Ultimately, sustainability needs to emerge in the everyday fabric of life – in the minds of people and in the values they live by.  Such emergence depends on how and what people learn, both individually and collectively.  A central question in my work is how to create conditions that support new forms of learning that take full advantage of the diversity, creativity and resourcefulness which is all around us, but so far remains largely untapped in our search for a more sustainable world.

Hard to disagree, so read and learn ...

 

Last snowdrops of the year

📥  Comment, News and Updates

These should more properly be the first snowdrops of 2012, I suppose, but given that they are in bloom at the University in December, that seems premature – or precocious, maybe – possibly like the snowdrops themselves.  Some will cite this as more evidence of global warming; others, likely university managers, will see it as a metaphor for the institution's hothouse atmosphere.  But careful observation over some years reveals that, come snow, frost, or balmy south westerlies, these particular snowdrops always bloom in December: more nature than nurture, then.  Just goes to show the value of a bit of empirical evidence.

 

Plan A: the learning store

📥  News and Updates

I'm grateful to Nick Jones for the news that M&S has opened its first international sustainable learning store.  Sadly, this is in India, so I'll not be popping along any time soon, but I would were it a bit nearer – and there is one in Sheffield it seems, so ... .

As M&S makes clear:

Planned and built with sustainability in mind, the learning stores provide an opportunity for the company to further develop its knowledge of sustainable construction, with the aim of eventually creating a zero carbon store built with 100 per cent recycled materials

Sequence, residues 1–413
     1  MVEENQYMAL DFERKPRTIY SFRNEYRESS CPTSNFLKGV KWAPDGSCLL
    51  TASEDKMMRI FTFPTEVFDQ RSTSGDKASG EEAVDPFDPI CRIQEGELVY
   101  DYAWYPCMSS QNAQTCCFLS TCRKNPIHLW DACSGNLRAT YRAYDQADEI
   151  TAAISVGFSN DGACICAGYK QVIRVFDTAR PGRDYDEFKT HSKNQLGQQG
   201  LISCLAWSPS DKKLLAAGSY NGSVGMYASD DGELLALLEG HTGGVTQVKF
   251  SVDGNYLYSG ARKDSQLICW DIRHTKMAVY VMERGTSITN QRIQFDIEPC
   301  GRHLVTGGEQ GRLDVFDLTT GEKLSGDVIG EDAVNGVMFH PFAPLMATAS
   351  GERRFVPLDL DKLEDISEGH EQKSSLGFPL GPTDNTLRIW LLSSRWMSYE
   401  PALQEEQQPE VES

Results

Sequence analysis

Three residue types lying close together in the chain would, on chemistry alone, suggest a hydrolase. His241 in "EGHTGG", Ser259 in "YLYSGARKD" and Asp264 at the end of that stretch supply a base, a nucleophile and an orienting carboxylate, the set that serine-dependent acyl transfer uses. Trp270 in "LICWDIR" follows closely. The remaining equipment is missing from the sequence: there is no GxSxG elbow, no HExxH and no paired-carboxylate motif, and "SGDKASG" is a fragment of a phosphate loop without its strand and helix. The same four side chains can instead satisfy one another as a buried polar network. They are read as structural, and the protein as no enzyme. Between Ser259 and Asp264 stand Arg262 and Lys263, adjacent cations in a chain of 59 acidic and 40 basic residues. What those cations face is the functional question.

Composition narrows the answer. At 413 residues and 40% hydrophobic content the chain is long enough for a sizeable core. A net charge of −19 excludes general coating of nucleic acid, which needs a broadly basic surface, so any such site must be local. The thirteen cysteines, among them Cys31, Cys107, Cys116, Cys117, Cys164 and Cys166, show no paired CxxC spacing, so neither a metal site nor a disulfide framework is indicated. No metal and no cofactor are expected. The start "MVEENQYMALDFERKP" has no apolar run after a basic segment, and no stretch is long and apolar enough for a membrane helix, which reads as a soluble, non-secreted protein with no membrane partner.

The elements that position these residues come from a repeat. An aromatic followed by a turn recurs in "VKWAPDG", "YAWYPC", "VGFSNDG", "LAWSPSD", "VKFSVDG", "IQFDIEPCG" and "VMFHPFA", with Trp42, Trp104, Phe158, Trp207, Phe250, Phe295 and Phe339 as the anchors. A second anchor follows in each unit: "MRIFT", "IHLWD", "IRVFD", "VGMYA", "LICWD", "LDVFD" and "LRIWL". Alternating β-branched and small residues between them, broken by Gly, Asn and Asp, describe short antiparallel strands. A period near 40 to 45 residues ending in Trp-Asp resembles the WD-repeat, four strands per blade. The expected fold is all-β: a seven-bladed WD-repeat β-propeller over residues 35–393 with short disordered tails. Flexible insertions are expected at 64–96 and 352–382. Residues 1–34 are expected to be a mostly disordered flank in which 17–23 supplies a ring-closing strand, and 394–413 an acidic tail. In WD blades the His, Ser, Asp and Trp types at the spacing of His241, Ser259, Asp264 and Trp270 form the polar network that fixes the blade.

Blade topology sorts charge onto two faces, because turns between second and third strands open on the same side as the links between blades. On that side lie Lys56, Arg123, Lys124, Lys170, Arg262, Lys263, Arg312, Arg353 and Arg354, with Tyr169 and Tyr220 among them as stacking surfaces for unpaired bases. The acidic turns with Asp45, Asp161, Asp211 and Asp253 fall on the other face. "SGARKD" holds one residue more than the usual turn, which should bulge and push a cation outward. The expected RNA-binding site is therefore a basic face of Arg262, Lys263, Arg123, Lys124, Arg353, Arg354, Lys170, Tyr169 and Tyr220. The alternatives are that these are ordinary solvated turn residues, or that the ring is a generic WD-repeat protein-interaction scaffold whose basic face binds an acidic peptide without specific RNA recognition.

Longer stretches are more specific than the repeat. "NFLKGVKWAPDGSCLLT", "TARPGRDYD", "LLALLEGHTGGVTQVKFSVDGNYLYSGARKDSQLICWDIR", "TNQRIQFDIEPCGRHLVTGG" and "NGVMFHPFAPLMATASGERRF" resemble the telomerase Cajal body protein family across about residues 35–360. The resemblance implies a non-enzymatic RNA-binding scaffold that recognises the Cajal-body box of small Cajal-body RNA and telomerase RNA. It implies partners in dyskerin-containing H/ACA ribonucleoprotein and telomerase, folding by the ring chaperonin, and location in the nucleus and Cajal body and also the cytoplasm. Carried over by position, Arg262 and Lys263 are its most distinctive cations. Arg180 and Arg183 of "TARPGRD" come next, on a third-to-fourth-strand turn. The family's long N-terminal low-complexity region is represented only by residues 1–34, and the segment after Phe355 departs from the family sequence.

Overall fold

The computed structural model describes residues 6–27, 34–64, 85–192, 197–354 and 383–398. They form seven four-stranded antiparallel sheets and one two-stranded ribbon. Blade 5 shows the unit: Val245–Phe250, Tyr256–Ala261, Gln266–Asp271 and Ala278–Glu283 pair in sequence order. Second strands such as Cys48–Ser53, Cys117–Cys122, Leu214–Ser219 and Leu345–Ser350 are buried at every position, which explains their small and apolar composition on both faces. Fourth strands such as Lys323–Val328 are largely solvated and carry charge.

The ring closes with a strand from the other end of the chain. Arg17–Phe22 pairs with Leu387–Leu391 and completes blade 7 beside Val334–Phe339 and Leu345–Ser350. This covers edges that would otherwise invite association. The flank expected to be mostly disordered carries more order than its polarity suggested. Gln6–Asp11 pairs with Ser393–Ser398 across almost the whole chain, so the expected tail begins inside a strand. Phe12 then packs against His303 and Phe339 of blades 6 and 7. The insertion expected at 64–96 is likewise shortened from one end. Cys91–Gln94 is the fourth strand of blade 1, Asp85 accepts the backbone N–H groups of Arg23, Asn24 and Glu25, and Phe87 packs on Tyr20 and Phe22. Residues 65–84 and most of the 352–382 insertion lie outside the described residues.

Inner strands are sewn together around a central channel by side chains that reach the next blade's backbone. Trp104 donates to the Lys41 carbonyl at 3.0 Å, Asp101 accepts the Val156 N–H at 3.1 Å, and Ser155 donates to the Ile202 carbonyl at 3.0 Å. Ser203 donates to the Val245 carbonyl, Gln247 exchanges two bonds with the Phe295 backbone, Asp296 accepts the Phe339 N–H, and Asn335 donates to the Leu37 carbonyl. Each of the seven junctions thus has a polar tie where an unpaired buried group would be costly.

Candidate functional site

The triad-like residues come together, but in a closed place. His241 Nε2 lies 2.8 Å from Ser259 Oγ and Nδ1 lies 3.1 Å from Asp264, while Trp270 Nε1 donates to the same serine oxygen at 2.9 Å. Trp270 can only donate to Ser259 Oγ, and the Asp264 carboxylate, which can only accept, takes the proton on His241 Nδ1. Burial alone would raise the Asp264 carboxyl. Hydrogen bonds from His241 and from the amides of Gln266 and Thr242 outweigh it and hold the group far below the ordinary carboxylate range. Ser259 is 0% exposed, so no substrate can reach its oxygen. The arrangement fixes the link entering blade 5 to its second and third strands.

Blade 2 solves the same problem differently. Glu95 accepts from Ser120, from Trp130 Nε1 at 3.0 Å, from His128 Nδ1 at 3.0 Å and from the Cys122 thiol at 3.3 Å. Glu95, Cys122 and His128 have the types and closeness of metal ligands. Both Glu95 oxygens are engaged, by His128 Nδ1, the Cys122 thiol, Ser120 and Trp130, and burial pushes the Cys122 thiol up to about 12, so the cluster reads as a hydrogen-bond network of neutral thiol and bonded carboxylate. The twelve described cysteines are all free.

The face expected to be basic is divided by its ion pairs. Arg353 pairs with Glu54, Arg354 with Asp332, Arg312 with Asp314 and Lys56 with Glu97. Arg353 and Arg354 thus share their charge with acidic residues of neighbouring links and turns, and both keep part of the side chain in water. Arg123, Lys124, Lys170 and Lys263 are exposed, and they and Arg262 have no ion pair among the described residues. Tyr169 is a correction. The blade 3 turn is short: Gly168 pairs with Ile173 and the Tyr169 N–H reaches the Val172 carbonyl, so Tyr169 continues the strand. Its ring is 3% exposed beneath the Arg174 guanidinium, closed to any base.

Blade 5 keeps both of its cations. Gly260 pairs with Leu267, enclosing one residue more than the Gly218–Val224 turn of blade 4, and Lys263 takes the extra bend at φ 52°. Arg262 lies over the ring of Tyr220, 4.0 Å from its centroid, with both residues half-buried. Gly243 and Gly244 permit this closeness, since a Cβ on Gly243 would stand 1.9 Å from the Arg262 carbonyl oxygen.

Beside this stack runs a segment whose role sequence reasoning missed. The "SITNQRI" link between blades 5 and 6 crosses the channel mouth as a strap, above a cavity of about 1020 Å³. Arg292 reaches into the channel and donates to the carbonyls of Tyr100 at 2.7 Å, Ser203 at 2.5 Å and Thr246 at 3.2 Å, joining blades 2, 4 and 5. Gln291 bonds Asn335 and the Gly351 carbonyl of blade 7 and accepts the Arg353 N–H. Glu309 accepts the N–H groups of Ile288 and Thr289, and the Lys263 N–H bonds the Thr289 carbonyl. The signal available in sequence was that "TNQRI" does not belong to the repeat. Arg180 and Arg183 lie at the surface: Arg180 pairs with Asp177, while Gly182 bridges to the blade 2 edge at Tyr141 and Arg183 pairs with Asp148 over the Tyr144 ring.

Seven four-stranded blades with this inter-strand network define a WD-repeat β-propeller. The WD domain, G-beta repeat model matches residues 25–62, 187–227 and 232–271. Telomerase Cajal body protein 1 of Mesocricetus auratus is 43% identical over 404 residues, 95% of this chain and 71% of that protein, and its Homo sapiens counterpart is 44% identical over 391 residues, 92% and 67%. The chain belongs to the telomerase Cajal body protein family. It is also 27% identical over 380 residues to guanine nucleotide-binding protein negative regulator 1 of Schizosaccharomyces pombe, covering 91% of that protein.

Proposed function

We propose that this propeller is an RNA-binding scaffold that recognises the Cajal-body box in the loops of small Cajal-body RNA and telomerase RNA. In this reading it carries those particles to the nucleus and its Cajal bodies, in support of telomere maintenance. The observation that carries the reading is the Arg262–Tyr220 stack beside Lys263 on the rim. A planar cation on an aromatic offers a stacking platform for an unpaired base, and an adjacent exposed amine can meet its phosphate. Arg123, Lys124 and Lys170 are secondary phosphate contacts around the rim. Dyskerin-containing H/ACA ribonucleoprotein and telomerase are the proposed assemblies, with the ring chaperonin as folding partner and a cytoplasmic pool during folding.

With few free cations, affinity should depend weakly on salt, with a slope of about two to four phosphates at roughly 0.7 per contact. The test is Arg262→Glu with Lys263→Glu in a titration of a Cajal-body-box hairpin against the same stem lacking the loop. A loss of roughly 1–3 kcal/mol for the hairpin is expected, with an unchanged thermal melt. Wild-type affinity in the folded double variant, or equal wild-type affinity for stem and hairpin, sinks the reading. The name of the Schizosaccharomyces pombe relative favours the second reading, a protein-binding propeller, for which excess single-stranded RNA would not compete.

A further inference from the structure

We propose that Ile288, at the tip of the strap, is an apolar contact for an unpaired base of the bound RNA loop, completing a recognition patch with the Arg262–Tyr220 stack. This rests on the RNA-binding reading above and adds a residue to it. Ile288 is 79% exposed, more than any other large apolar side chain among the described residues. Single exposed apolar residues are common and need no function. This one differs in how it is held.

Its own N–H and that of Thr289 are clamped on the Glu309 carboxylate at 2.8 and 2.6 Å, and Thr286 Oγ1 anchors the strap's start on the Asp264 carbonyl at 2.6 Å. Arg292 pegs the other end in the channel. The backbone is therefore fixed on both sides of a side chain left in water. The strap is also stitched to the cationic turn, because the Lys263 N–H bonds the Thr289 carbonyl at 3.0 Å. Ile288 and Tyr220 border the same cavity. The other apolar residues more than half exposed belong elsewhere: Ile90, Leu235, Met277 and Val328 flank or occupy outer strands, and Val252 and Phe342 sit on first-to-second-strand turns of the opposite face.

... the point here is for the company to learn rather than its customers.  I'd not want to sniff at this, far from it, but it would be good if M&S could share its learning with shoppers, if only to encourage others.

 

Before the big bang

📥  Comment

I watched an engaging BBC4 Horizon programme last night which mostly involved theoretical cosmologists putting forward their own ideas and a few arcane diagrams, and being just ever so slightly, but fairly nicely, dismissive of those of others.  Not all the ideas on offer seemed sensible, but I remember someone (who seemed to know what they were talking about) once saying that the right question in the quantum world was not "is this a crazy idea?", but "is this idea crazy enough to be right?".

The focus of the programme was whether it was sensible to think of what happened before the big bang — or not.  Some thought yes, and others no, and some like Roger Penrose had changed their mind, and said how exhilarating it was to do this — but I knew that, in my much more modest way.  It was a bit like ESD argumentation, though on a slightly grander scale and with much better pictures.

 

Transformative learning – or is it transformative teaching?

📥  Comment, New Publications

In a discussion paper for the HEA, ESD and Inter-disciplinarity: focus and trajectories, written in preparation for yesterday's seminar: Inter-disciplinary Sustainability Education: Insights, Momentum and Futures, Alex Ryan writes:

Following the work of Mezirow and developments by other educationalists, transformative learning processes generate shifts in the perspectives and frames of reference of learners, as well as their beliefs, attitudes and reactions, through the use of critical reflection, challenges to existing assumptions and the creation of alternative meaning schemes ... .